New dog license fee approved

STEUBENVILLE – Jefferson County commissioners on Thursday adopted a state-mandated fee schedule for dog licenses.

The state now allows dog owners to buy licenses for one or three years or for the life of the dog.

Sally Wehr, Jefferson County Humane Society president, asked the commissioners to increase the fees for dog licenses. Proceeds from the dog licenses go to support operations at the county’s animal shelter. The commissioners and the humane society recently adopted a working agreement for operations at the shelter.

The county charges $10 a year for a dog license. Wehr said that is the lowest charged in the state, with only about four counties charging $10. She wanted the fee increased to $12. The county got $45,899 last year in proceeds from dog licenses, according to the county auditor’s office,

The state’s new license schedule calls for a three-year license to cost three times the cost of a one-year license. The lifetime license costs 10 times the one-year license.

Commissioners kept the one-year license at $10 but only if the pet owner can prove the dog has been spayed or neutered. Commissioners did approve Wehr’s suggestion the county charge $20 for a one-year license if the dog hasn’t been fixed.

The county auditor’s office reported the pet owner will have to provide proof of the dog being spayed or neutered. Exceptions are if a dog is a show dog or a veterinarian states the procedure can’t be done for medical reasons.

The county auditor’s office also reported there could be fraud problems with the lifetime license because a dog owner could put the license on another dog.

County Commissioner Thomas Graham said he was against raising the dog license fee for dogs that have been neutered or spayed. He said he promised taxes wouldn’t be raised when the new dog shelter was built several years ago.

County Commissioner Tom Gentile said a responsible dog owner would have paid the increase, and county Commissioner David Maple said the proposed $2 increase wouldn’t be a significant increase in revenue.

Commissioners can evaluate the cost of dog licenses once a year.

Wehr also gave the commissioners an update on operations at the animal shelter.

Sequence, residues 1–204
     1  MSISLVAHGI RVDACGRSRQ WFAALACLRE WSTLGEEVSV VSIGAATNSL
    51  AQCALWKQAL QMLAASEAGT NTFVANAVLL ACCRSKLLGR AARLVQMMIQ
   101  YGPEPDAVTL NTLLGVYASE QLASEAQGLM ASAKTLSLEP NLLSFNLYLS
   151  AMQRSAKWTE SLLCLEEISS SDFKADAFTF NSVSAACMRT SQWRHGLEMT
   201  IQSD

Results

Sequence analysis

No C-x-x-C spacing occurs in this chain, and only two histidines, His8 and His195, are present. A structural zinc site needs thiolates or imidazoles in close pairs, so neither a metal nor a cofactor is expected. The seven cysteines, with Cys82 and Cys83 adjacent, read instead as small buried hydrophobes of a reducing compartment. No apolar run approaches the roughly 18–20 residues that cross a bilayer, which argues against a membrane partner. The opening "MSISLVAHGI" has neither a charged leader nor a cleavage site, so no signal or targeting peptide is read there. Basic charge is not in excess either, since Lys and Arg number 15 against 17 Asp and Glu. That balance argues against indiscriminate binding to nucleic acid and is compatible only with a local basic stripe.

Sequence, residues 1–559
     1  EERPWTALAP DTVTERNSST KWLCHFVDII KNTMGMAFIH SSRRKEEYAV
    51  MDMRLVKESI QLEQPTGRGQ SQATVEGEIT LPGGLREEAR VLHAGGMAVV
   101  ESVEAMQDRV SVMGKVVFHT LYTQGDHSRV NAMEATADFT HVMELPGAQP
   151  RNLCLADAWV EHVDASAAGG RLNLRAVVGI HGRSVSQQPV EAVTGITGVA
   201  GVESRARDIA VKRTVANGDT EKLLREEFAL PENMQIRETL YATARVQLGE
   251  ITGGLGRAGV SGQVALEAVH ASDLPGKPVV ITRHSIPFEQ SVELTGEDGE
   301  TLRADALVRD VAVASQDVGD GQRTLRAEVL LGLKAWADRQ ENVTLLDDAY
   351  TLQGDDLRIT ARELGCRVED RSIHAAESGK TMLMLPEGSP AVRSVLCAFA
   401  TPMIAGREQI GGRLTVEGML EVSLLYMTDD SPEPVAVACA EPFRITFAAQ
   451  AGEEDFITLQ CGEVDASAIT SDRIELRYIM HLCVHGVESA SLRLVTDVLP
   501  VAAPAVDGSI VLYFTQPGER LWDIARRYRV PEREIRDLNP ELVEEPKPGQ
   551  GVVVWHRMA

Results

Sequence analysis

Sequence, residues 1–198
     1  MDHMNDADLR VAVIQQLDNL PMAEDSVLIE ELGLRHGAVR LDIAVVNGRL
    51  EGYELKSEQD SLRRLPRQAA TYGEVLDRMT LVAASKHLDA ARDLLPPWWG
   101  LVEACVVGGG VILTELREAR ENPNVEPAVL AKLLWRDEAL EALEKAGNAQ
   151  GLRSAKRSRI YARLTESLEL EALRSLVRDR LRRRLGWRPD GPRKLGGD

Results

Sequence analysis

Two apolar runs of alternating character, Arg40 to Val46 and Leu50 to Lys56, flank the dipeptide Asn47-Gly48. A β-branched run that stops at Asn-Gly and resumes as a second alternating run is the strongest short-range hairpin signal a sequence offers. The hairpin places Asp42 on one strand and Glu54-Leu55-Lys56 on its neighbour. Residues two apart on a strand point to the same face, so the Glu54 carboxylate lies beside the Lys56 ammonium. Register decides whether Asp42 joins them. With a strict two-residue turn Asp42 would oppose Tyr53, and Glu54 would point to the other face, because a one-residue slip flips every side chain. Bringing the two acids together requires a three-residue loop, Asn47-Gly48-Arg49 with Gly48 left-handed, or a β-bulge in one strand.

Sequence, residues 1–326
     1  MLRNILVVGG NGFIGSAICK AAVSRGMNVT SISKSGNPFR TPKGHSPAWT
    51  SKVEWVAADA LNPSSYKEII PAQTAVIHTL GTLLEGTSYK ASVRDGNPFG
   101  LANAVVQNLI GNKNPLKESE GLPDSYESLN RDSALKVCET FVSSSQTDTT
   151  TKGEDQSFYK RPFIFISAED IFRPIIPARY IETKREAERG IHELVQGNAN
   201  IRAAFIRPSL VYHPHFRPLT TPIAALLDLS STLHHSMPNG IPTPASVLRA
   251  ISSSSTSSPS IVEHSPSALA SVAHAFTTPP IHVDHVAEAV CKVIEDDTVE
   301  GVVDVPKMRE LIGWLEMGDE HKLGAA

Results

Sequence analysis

She said the humane society was able to buy 10 Kuranda beds for dogs, which are elevated off the ground and easy to clean.

A veterinarian technician also is coming to the shelter once a week for vaccinations of all dogs and for medical assistance. The shelter also is continuing its spay and neuter program for dogs. Wehr said the goal is to get all dogs spayed and neutered prior to adoption.

The shelter also is conducting dog training classes and providing adoption packages for information on how to integrate a new dog into the home. Wehr said.

The shelter had been adopting an average of about 20 dogs per month. The number increased to 43 in June and 66 in July since the county humane society has been helping with the animal shelter operations.

The number of dogs euthanized increased in July because there were several puppies taken in that had parvo, a contagious disease that has a high mortality rate. She also said there were several dogs taken to the shelter from a home in Amsterdam that were aggressive and couldn’t be adopted.

Graham commended the county humane society for its work at the animal shelter.

“It is still growing and evolving,” Wehr said.

Commissioners also agreed in principle to an opt-in electric aggregation program for residents in unincorporated areas of the county. Representatives of Buckeye Energy Brokers were asked to come back with a proposal for the opt-in aggregation program in which the company will negotiate a lower electric rate for residents and then the residents can sign up for the rate. Company representatives said it could save residents $150 to $200 a year on their electric bills.

The commissioners were against putting an opt-out program on the ballot for residents to approve, saying they didn’t feel comfortable making that decision for residents. Under that program, residents would have to sign papers not to participate or they would automatically be enrolled.

Commissioners will seek a legal opinion from the county prosecutor’s office on the program.

Commissioners also agreed to set aside $200,000 for the construction of the new road at the county’s industrial park off county Road 43, Wintersville.

Maple said the county has received a matching grant of up to $200,000 from the state for the road, which is expected to cost $100,000. Maple said the county could get credit for in-kind services, such as engineering help, to lower the matching cost down to about $50,000.

Commissioners also:

– Received a request from county Coroner Dr. Michael Scarpone for an additional $10,000 in funding due to an increase in the number of autopsies due to homicide or unnatural deaths and lab tests for drug overdoses. There have been five homicides in Steubenville so far this year.

Commissioners agreed to fund an additional $3,800, and will meet with Scarpone to further discuss the financial needs.

– Agreed to advertise for bids for a bridge replacement on Springfield Township Road 278. The engineer’s estimate is $92,000.

– Were informed by the state of a $71,779 decrease in funding for the Community Housing Improvement Program administered through the county’s Regional Planning Commission. Domenick Mucci, regional planning commission director, said the county had received $354,000 for the program.